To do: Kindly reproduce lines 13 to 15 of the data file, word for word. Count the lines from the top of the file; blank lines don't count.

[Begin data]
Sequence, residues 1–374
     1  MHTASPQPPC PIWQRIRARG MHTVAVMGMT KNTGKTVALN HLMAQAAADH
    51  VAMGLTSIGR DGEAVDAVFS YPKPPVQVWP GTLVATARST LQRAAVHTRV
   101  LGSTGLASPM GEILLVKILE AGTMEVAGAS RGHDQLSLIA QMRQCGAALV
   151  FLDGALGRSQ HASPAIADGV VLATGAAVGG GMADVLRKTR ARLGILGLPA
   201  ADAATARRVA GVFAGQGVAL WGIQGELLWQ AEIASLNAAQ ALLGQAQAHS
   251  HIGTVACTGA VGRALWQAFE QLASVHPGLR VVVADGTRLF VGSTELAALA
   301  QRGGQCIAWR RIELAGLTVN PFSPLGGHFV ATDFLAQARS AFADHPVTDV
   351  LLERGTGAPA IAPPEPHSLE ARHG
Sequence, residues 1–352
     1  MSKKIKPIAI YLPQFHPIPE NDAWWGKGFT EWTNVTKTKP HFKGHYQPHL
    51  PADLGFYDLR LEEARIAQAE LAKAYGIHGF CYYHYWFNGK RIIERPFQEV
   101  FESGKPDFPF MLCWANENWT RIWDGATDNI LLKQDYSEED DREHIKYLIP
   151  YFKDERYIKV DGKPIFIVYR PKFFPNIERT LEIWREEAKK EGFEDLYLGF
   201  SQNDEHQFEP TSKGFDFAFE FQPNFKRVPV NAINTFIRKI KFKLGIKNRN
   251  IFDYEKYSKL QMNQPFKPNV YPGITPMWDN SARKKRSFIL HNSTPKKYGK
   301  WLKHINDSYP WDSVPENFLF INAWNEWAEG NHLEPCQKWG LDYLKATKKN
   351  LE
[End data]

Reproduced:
   101  FESGKPDFPF MLCWANENWT RIWDGATDNI LLKQDYSEED DREHIKYLIP
   151  YFKDERYIKV DGKPIFIVYR PKFFPNIERT LEIWREEAKK EGFEDLYLGF
   201  SQNDEHQFEP TSKGFDFAFE FQPNFKRVPV NAINTFIRKI KFKLGIKNRN